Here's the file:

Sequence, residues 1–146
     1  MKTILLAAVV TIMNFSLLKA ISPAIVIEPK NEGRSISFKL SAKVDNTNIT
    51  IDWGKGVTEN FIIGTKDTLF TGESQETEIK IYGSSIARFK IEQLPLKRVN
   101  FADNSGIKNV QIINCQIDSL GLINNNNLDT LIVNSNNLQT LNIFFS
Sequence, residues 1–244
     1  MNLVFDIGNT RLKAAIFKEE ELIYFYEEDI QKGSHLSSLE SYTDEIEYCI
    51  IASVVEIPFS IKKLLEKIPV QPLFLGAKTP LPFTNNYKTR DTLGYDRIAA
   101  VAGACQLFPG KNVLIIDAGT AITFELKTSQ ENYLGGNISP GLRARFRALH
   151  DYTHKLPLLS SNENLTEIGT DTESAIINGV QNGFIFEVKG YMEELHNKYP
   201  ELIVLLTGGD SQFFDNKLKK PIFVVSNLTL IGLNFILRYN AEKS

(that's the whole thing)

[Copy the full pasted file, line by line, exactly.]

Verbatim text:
Sequence, residues 1–146
     1  MKTILLAAVV TIMNFSLLKA ISPAIVIEPK NEGRSISFKL SAKVDNTNIT
    51  IDWGKGVTEN FIIGTKDTLF TGESQETEIK IYGSSIARFK IEQLPLKRVN
   101  FADNSGIKNV QIINCQIDSL GLINNNNLDT LIVNSNNLQT LNIFFS
Sequence, residues 1–244
     1  MNLVFDIGNT RLKAAIFKEE ELIYFYEEDI QKGSHLSSLE SYTDEIEYCI
    51  IASVVEIPFS IKKLLEKIPV QPLFLGAKTP LPFTNNYKTR DTLGYDRIAA
   101  VAGACQLFPG KNVLIIDAGT AITFELKTSQ ENYLGGNISP GLRARFRALH
   151  DYTHKLPLLS SNENLTEIGT DTESAIINGV QNGFIFEVKG YMEELHNKYP
   201  ELIVLLTGGD SQFFDNKLKK PIFVVSNLTL IGLNFILRYN AEKS